Kelsall, Miss Lilian

Kelsall, Miss Lilian, Youngaton, Westward Ho!

Lilian Beatrice Kelsall[1], later Gubbins (1878 – 1934) was born in St Servan, Brittany, France, the daughter of Theophilus Moultrie Kendall and Marie Anna Kelsall. Theophilus was a member of a naval family and had served in the Royal Navy, reaching the rank of Commander and being awarded the honorary status of Captain on his retirement.[2] Marie, who was almost fifteen years younger than her husband, was the daughter of Professor H.W. Brutzer, and had been born in Stuttgart.

The Kelsalls moved to Youngaton, Westward Ho! on Theophilus’s retirement and were there at the time of the census in 1881. It is therefore unlikely that Lilian, who was only two at that date would have remembered her Breton past, unlike the other members of the large family. Theophilus and Marie had nine children in all, two boys and seven girls, and Lilian was the youngest but two.

The Kelsalls became involved in the community life of Westward Ho! and Northam. Captain Kelsall supported the work of the local Seamen’s Mission Fund, the temperance movement and the British Seamen’s Orphan Boys’ Home.[3] Marie Kelsall became an ally of Anne Thrupp (q.v.) in promoting the establishment of University Extension lectures locally. These opened up new educational horizons for girls: Ellen, one of Lilian’s elder sisters, attended the first courses on ‘Growth of our Colonial Empire’ and ‘Poetry of the Victorian Age’ in 1892-3 and passed the associated examinations.[4] When Northam District Council was asked to set up a Technical Instruction Committee, both Mrs Thrupp and Mrs Kelsall were appointed members.[5] They were both also nominated for the new arrangements put in place after the passing of the Education Act 1902.[6]

The Kelsall family were musical: the girls played the violin or the viola frequently at concerts, especially those of the Northam Choral Society of which Marie was treasurer,[7] but it is not always possible to tell which Miss Kelsalls were involved. Lilian and her younger sisters, Jessie and Kathleen, were also keen tennis players at the Torridge Vale Club, and their successes are featured in the North Devon Gazette during the period 1906-1908, when Lilian was at the end of her teens.[8]

Theophilus Kelsall died at Youngaton on 8 May 1910. By this time the family had started to disperse and at the time of the 1911 census Ida, Isabel and Lilian were the only three daughters left at home. Marie described herself as living on private means, but all three of the Misses Kelsall are described as ‘school mistress’, ‘working on own account’ and working ‘at home’. The extent of this ‘school’ is unknown: it may have been no more than education for the daughters of their local friends.

It is not clear how Lilian Kelsall first became involved in the cause of women’s suffrage. There had been branches of the National Union of Women’s Suffrage Societies in both Bideford and Appledore since mid 1911. By 1912 the secretary to the Bideford branch was a ‘Mrs Gibbings’, who should probably be identified with one of Kelsall’s tennis partners.[9] Gibbings gave up the position at the end of 1912 and in March 1913 Common Cause reported that the Bideford branch was being reorganised. A ‘Miss Helsall’ was reported to have taken on the role of secretary, but as the paragraph goes on to describe an ‘At Home’ given for the society by Mrs and the Misses ‘Kelsall’ in the Station Hall, Westward Ho!, it is probable that this was an typing error.[10] Miss Kelsall is subsequently referred to in the branch secretaries’ list and as attending the Provincial Council of the National Union of Women’s Suffrage Societies meeting in Exeter in May.[11]  The question of which Miss Kelsall it was is finally settled by a reference to Miss L.B. Kelsall that October.[12]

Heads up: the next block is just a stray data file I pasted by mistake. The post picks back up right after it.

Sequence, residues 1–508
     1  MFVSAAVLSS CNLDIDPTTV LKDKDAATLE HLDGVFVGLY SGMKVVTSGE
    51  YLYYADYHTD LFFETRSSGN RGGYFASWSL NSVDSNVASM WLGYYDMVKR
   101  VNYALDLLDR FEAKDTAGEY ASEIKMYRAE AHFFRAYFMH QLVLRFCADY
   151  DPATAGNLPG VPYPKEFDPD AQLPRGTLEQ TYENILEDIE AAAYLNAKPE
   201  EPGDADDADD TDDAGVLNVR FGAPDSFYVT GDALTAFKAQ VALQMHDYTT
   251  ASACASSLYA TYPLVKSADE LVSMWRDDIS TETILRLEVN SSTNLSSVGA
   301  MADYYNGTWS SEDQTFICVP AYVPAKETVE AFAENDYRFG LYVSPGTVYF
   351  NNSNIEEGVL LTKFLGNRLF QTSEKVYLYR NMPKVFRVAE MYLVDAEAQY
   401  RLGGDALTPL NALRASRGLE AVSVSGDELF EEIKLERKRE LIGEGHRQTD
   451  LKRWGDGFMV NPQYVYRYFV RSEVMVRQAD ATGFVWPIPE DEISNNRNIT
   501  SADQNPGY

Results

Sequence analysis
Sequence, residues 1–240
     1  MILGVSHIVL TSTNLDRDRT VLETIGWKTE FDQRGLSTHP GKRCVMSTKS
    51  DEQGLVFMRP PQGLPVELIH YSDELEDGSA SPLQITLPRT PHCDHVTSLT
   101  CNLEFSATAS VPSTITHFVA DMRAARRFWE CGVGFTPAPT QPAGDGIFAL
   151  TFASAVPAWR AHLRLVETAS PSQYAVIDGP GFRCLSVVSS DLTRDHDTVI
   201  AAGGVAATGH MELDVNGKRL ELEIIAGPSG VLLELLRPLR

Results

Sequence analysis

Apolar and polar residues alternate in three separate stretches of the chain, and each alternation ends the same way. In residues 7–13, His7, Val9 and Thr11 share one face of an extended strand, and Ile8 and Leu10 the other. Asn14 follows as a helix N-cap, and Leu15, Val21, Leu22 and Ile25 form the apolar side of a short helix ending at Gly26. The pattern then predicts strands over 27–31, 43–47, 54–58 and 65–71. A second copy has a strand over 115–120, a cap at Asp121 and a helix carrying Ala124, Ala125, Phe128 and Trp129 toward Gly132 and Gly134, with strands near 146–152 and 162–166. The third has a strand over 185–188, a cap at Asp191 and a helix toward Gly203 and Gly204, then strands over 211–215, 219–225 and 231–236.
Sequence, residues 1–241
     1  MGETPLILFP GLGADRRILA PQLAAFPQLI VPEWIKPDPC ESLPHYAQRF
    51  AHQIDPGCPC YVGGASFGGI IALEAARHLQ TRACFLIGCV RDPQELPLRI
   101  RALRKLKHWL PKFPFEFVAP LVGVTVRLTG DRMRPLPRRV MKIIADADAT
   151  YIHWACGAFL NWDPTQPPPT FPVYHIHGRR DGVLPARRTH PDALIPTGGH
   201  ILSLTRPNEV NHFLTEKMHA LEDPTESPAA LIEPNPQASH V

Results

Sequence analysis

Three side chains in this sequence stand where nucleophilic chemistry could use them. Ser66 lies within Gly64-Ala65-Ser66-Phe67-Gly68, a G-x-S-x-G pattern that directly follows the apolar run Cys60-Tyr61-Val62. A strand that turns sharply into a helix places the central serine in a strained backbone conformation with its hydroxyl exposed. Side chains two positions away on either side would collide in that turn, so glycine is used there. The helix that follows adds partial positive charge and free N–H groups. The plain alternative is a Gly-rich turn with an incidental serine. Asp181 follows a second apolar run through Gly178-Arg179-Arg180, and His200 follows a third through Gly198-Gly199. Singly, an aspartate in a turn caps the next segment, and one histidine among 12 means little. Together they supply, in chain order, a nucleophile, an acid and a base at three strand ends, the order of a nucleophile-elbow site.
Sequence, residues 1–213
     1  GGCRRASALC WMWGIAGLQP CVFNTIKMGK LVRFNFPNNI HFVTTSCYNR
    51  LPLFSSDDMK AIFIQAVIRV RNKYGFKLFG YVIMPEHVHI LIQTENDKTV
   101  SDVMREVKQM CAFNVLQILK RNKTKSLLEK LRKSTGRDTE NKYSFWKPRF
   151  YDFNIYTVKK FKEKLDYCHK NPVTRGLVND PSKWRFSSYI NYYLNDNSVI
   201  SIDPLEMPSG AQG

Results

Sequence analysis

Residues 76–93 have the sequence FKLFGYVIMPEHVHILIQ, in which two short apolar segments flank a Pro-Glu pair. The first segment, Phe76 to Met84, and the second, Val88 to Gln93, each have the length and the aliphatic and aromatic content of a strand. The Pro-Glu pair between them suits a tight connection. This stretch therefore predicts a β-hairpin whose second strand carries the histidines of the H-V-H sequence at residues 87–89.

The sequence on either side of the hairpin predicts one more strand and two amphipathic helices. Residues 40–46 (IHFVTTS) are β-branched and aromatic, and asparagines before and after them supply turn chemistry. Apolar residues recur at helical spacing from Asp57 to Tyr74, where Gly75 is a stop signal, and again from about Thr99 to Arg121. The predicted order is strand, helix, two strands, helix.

Lilian’s tenure of the post of Bideford WSS secretary was a brief one, however. In the autumn of 1913 she married John Gubbings, son of a local family, in Bideford, and the couple emigrated to Canada where John planned to set up as a fruit farmer. This venture was not apparently successful and the Kelsalls, with two young sons, John and Martin, returned to England at the end of 1919, giving their destination as Youngaton, Westward Ho!  Gubbings is described on the passenger list as a chicken rancher, so he had probably diversified from his original plan.

Kelsall was succeeded as Bideford WSS branch secretary by Mrs Lightbody, another member of the Torridge Vale Lawn Tennis Club.

Kelsall died in September 1934 in East Preston, Sussex.



Entry created by Julia Neville, December 2018

[1] Census and family references from

[2] London Gazette, 19 April 1881.

[3] North Devon Gazette (NDG), 14 Dec 1886; 24 Apr 1888; & 7 Dec 1897.

[4] NDG, 10 May 1892; 14 Feb 1893.

[5] NDG, 25 Jun 1895.

[6] NDG, 18 Aug 1903.

[7] NDG, 21 Oct 1902.

[8] NDG, 14 Aug 1906, 13 Aug 1907. She won the Ladies Doubles with A Bazeley in 1906.

[9] Common Cause (CC) 28 Mar 1912, 875; NDG, 13 Aug 1907.

[10] CC 28 Mar 1913, 874.

[11] CC, 4 Jul 1913; 220; Western Times, 23 May 1913.

[12] CC, 10 Oct 1913, 468.


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